Another place that is on the Pass and is a fun place to take photos from is the Arc de Triomphe, from the top you can see the layout of Paris with all of the streets radiating out from the Arc. It is open from 10am-11pm (check the times) and with the pass you not only skip the queue but you can also visit more than once so you could do it at night and in the daylight for a contrast.
Have a look at the Museum Pass, if you visit Notre Dame's towers, St. Chappelle, the Louvre, the Pantheon and the Arc de Triomphe for example, you'd save money with the pass and you'd skip the queues at the Arc and the Louvre, there was no line at the Pantheon when we went and the other two have security lines that can't be jumped. Going to the Louvre on the late night is a good idea since it's indoors and the light won't matter, I believe Kate (Goodfish) gave you the time and days.
During certain months you can visit the upper part of the Pantheon, the last time I was there in July my niece and I walked up, I think it's only with a guide but that's included in the cost of admission.
I was going to pass along info on the Towers of Notre Dame in my earlier post but there's a complication there. From the website:
"Pay attention : due to works, access to South belfry and Emmanuel bell is closed from 26 november 2012 to 26 august 2013 ; the monument is closed 19 february to 10 march 2013, except week-ends and monday 25 february 2013."
Great views from the top of the Arc de Triomph and fantastic panorama shots from the Tour Montparnasse.
We were there in November - 22 euros to go up to the 58th floor but it was a great place to visit ON A DRY CLEAR DAY!
In my opinion, the most striking view of the Eiffel Tower can be had from the balcony of the Trocadero Centre. Day or night this is a breathtaking spot with or without a camera!
Kate, can you post the link to where you are seeing that information? I'm not seeing it on the Notre Dame website and I'm interested as that's one of the things on my Paris list for this summer.
Sure thing, Kristi:
According to the Notre Dame website, this is the official vendor for visits to the towers:
Thanks Kate, oddly it doesn't mention it on the Notre Dame website. For the OP, I believe that the south belfry is the 2nd stage of the climb, I think it was closed on my last couple of visits. You can still visit the gallery of the chimera (that's the gargoyles) and still get the fabulous shots over Paris. The bell is located inside the tower, that is also a separate climb and is in the interior. So you wouldn't be able to get a shot of the bell but I think the best part is seeing the gargoyles and the view over Paris.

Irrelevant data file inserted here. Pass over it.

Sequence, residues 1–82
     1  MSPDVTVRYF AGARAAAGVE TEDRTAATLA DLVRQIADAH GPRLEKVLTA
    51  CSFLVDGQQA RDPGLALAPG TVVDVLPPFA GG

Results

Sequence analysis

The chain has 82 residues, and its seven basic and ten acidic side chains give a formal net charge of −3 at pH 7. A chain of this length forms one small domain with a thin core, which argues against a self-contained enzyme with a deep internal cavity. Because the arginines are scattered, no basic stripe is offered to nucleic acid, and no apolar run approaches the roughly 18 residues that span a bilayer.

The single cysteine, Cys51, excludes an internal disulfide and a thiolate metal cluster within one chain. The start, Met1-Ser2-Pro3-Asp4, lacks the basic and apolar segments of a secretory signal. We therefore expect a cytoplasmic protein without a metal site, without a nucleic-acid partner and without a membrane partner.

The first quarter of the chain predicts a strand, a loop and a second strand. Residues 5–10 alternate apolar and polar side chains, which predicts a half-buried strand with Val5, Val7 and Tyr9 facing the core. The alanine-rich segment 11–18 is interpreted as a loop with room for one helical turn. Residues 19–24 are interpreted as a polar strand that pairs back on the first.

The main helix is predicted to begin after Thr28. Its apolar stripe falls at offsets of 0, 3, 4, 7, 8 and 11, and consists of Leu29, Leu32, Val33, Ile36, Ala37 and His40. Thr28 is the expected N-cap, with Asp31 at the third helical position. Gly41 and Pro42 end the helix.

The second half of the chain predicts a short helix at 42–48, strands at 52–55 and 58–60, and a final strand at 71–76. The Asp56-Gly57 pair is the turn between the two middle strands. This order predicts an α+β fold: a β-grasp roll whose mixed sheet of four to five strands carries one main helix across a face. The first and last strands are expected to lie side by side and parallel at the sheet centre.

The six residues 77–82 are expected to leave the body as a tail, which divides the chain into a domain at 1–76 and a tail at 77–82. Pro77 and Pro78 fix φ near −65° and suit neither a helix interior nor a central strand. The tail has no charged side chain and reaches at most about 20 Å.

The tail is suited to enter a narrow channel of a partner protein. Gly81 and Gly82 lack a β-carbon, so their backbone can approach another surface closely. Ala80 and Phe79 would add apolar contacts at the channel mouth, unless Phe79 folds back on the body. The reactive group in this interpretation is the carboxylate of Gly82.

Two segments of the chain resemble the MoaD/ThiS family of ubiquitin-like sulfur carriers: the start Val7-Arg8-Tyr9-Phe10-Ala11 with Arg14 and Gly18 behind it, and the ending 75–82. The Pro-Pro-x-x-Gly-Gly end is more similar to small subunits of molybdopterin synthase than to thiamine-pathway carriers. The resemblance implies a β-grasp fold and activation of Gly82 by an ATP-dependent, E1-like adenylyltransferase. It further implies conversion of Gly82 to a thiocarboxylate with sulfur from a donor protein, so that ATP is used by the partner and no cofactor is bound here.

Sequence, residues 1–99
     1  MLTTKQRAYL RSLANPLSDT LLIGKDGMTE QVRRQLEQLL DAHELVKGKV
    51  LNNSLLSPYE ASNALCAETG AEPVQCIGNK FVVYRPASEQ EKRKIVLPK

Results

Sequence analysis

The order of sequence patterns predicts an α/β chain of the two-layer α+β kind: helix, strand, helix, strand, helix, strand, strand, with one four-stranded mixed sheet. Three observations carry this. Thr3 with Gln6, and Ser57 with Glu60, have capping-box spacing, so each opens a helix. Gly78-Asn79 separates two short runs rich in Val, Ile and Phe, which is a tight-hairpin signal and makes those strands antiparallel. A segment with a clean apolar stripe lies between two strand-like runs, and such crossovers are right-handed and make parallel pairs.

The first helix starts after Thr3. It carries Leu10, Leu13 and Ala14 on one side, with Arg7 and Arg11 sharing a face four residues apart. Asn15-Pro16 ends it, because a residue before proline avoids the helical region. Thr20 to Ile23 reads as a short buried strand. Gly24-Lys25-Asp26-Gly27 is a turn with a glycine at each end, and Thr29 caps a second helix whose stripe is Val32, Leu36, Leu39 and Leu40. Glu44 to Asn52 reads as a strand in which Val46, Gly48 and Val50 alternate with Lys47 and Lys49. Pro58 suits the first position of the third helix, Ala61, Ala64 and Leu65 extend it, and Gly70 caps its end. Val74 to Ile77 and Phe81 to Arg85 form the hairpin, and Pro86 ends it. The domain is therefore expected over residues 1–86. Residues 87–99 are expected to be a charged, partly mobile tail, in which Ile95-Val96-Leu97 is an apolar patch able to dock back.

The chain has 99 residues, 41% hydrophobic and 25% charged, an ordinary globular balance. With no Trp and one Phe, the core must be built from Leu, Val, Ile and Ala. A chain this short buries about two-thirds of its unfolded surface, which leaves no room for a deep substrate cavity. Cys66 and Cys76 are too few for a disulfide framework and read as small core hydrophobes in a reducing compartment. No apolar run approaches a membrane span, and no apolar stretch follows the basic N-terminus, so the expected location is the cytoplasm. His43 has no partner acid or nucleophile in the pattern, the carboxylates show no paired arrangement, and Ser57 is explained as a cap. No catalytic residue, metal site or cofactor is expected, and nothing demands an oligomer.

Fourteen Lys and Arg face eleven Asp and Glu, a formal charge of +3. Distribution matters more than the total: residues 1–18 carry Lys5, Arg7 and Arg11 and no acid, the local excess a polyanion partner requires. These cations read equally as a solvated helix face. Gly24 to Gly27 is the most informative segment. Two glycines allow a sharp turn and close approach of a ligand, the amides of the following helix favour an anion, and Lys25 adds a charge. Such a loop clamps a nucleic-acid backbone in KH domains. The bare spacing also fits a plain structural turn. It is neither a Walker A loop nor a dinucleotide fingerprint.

It's here, Kristi:
Hey, Good pic. I would recommend to go and see Pompidou and Musée d'orsay. And Les Catacombes. Plus take a stroll in the Marais :) A lot of things to do. And buy tickets in advance for the eiffel tower and Louvre, doing that you can skip the cueues. Our hotel was great in helping us with that, plus gave us an app to use. would recommend it!
I would definitely book online for the Eiffel Tower. Saves waiting a very long time! As for the Sacre Coeur, to get there I've found the easiest way is to take Metro line 12 to Abbesses and walk to the funicular to go up.
Thanks so much for all the advice! We're getting very excited for the trip. :)
I was wondering what the best plan of attack is for the Louvre. It's a very large place and I know we'll never see it all. I've heard everyone flocks to the Mona Lisa--I would have rather skipped that one myself, but my friend insists we can't go there and /not/ see it, so I know we'll do that, but I'm very interested in seeing Venus de Milo and more of the classical (Greek, Roman, Egyptian) art, etc.
Also, does anyone really know what the Gallerie Camera Obscura is? The people organizing the trip put it on the itinerary and I've been having a difficult time finding information on it. I know what a camera obscura is but I'm not sure what this gallery is all about? Any help is appreciated!
Google "how to visit the Louvre" and you'll get a handful of sites that will give you ideas for how to tackle it. Seems to me when I took my niece a couple of years ago they a handout with the major items marked, I told her we could leave once we had seen the big things but that we had to at least see those
If you get a museum pass, you can break your visits into smaller pieces and go a couple of times for shorter periods of time.
Here is another really helpful floor-plan guide (English) for locating the pieces you wish to see. The museum is sectioned into wings, and besides the PDF I'm supplying here, there are free printed guides for each wing you may pick up in the central receiving area.
Mona is on the first floor (which in the U.S. would be the second floor) in the Denon Wing - you'll go right by Winged Victory in a stairway along the route to where she is. As she's one of the hottest attractions, I'd be at an entry before the museum opens and then make a beeline directly to her so as to get a glimpse before the crowd is very large. They have her roped off and kept at a distance so you won't be seeing her up close.
Venus de Milo is on the ground floor between the Sully and Denon wings.
By spending some time with the layout, you can make yourself a rough itinerary in advance.